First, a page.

I received my Kickstarter Nexus Minimal fountain pen today. I pledged at the early bird level (the lowest) and didn’t order any of the accessories, not even a converter. I was concerned about the quality of the project but I did want to support a fountain pen. By “concerned about the quality of the project” I mainly mean that their delivery date (Nov 2014) was far to aggressive considering they wouldn’t get the money until mid-September. Plus, I felt if they were successful and reached their stretch goals (they did) they would have a project that was complicated to complete with so many options.  So while it arrived several months late it wasn’t unexpected or unusual for Kickstarter.

They shipped it with the cartridge in the pen (not loaded, just in the barrel). My cartridge leaked in the pen so I had to clean it out and will let the barrel dry for a couple days so that there isn’t any moisture trapped in there. This isn’t the first pen I received with the cartridge stored in the barrel, but usually the top of the cartridge (the hard part) is near the feed, in other words it’s usually shipped upside down. Maybe the cold affected it (I’ve avoided ordering ink because it’s been so cold for so long) but there weren’t any signs of ice so it may have been punctured when being jostled in transit.

I picked the Matt Black version which doesn’t feel like cold aluminum and has a bit of a soft feel to it. The pen feels nice in my hand although I’ve yet to actually write with it. I like the feel of the material. It feels lighter than I expected although I then weighed it and found it’s 22 grams which is close to their pre-production spec of 24 grams. And I don’t trust my scale enough to say they’re wrong.

They used Bock nibs and the nib is stamped with the Bock name. I usually don’t judge a nib until I write with it, but since I couldn’t write with it yet I took a look with a loupe. The tines are just slightly misaligned. I did see one commenter complain about skipping. I don’t think they did any nib alignments so they’re at the mercy of Bock’s mass production quality control.

With the exchange rate at the time, foreign exchange fees, and shipping this fountain pen was less than $40. For that price this seems like a very nice pen, although I have to qualify that by saying I won’t be inking it up for a couple more days. Unfortunately those of you who picked the Titanium pen are still waiting for them to work out the manufacturing process.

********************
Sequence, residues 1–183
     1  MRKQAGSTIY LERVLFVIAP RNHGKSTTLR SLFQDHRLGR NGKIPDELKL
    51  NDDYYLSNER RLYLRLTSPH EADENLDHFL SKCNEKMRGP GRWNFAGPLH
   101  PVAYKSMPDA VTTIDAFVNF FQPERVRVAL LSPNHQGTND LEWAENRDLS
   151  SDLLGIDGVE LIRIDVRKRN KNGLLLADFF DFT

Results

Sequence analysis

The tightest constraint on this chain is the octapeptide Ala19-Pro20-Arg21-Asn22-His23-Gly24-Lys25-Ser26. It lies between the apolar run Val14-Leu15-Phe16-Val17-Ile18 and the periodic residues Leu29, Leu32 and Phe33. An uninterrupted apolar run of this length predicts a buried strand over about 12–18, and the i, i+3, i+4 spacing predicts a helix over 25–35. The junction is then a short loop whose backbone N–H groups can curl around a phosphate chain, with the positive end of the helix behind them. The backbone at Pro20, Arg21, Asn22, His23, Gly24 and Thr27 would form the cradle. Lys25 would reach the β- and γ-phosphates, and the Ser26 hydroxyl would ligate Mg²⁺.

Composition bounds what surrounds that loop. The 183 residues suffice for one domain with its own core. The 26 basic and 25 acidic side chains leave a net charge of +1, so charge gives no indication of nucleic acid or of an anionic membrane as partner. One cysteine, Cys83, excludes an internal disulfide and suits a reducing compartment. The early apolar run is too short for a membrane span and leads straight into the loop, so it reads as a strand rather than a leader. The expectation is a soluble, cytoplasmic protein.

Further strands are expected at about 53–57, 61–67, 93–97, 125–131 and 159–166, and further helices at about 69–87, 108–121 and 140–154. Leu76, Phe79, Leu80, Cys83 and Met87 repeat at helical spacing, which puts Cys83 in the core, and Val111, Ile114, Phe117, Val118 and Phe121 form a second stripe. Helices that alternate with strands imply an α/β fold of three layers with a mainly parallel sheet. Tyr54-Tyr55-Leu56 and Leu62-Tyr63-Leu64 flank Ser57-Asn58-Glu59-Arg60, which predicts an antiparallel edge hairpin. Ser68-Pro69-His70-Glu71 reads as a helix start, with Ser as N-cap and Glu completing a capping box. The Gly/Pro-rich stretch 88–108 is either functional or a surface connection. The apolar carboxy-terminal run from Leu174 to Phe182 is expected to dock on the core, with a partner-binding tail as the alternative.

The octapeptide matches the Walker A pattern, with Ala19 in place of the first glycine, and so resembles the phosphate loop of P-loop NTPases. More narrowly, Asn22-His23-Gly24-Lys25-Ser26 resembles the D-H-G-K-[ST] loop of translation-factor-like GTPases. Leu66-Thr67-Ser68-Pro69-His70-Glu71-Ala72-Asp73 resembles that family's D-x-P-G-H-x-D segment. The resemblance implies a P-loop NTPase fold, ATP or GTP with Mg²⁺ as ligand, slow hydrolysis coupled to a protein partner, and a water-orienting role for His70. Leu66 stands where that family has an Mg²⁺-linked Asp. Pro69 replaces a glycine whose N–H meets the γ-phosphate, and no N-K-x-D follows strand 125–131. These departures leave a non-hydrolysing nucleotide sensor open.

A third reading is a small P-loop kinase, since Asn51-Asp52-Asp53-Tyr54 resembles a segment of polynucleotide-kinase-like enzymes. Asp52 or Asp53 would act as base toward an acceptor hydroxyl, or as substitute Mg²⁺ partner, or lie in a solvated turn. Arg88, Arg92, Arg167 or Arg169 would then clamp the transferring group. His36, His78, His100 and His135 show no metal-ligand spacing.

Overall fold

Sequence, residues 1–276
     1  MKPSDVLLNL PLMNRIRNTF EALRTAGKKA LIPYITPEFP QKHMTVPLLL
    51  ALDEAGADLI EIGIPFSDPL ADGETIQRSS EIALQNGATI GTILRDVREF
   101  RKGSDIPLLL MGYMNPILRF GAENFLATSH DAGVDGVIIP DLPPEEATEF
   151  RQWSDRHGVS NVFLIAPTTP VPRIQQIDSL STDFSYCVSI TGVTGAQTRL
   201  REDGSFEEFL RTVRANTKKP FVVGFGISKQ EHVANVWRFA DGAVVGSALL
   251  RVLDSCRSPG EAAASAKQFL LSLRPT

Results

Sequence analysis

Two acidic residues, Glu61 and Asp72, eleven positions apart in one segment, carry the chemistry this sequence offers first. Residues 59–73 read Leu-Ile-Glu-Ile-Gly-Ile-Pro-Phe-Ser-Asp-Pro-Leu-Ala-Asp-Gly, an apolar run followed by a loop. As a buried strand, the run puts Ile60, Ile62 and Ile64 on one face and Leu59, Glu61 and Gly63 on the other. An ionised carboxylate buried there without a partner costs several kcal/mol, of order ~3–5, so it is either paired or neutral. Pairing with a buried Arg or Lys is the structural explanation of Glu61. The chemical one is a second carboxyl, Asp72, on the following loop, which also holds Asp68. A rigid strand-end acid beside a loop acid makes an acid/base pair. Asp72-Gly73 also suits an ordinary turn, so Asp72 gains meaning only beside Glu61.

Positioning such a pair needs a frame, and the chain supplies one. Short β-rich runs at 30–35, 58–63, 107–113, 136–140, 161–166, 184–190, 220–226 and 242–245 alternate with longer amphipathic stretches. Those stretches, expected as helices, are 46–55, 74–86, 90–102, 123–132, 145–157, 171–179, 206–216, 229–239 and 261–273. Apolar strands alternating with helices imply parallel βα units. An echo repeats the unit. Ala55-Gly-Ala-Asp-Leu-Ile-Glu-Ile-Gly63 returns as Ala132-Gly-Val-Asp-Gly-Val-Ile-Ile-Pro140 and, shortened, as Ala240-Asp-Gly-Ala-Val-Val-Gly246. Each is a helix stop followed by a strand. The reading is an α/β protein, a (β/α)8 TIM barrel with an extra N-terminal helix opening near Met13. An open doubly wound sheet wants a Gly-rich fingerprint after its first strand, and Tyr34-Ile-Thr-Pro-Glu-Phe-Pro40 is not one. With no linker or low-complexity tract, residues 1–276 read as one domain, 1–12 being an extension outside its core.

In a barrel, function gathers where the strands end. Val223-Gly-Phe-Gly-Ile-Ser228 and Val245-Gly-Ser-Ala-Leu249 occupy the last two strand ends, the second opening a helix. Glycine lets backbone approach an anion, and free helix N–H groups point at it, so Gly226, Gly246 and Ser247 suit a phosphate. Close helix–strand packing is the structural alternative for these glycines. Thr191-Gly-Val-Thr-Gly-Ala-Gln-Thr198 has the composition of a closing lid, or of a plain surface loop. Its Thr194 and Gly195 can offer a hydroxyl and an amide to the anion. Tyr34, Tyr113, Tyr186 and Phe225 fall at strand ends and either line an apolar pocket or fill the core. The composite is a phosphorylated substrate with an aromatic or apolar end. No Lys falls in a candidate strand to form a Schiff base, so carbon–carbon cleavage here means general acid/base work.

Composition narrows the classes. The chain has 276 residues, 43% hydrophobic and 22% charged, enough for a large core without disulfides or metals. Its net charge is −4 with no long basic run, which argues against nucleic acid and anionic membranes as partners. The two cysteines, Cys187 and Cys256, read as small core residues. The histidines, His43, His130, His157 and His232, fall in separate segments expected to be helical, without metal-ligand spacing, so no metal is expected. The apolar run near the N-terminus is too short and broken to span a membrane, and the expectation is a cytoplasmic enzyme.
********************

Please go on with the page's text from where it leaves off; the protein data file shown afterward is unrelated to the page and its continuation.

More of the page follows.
[Feb 26th Update] I inked up the pen today before lunch. It wasn’t problem free but I haven’t heard of anyone else having similar problems and it’s not something that would go unnoticed.

Since the pen shipped with a Diamine ink cartridge, but mine was broken, I wanted to pick a Diamine ink to start with and I had a box of Diamine Prussian Blue ink cartridges. So I popped one in and set the pen nib down to allow the ink to reach the nib. A couple minutes later, when I checked the pen, I found that the cartridge had completely emptied into the cap. It appeared the ink had flowed through the feed, not leaked around the side. I inked another pen with a Diamine Prussian Blue cartridge at the same time. That one didn’t have the same problem and in fact the ink took about 10 minutes to even reach the tip of the nib.

I checked back and I found that this Prussian Blue cartridge did the same thing in another pen, but in that case I blamed the pen and put it aside for review (which I’ve yet to do) because I had just taken it apart for a thorough cleaning. Interestingly, but meaningless, that was a Faber-Castell Basic which this pen reminds me of.

But back on this pen – I unscrewed the nib unit and there wasn’t any trace of ink around the threads, further leading me to figure the ink flowed right through the nib. So with the nib unit still removed I inserted a Pelikan Edelstein Sapphire ink cartridge and waited for the ink to flow. No signs of leaking and the ink took over 5 minutes to reach the nib. It’s been a couple of hours and there’s no sign of ink in the cap, although the pen has only been nib down when I’m writing. It’s either flat on my desk or nib up in my pen stand.

I haven’t  done a lot of writing with the Nexus Minimal fountain pen but my first impression are:

The nib isn’t the smoothest but it is smooth enough. I’ve certainly paid more for a pen with a worse nib. There’s some tooth on courser paper. I haven’t had any skipping on Doane Paper except when I first uncap the pen. The first stroke sometimes skips if it’s a upstroke. This doesn’t happen every time. I have the same hard starts but I also had some skipping on the slicker Rhodia paper (No. 16 Dotpad). This is typically an upstroke when starting a new word and when I was taking notes where I write a bit fast. As I mentioned the tines are slightly misaligned which may contribute to the skipping. In my case, on the upstroke the leading tine is higher than the trailing tine. The tines don’t seem that much out of alignment, but if I used Rhodia or other slick paper most of the time the skipping would be annoying enough for me to align the tines and smooth the nib sooner rather than later. With slower, deliberate writing I have less skips on even Rhodia paper. And I really do need to slow down whenever I expect other people to read my writing. But on Doane the hard starts aren’t frequent enough for me to make changes. At least not yet.

Also, I did not order the converter but a standard sized Schmidt converter fits just fine so no reason why other converters won’t fit. Standard international long cartridges also fit fine, at least the Pelikans I have do.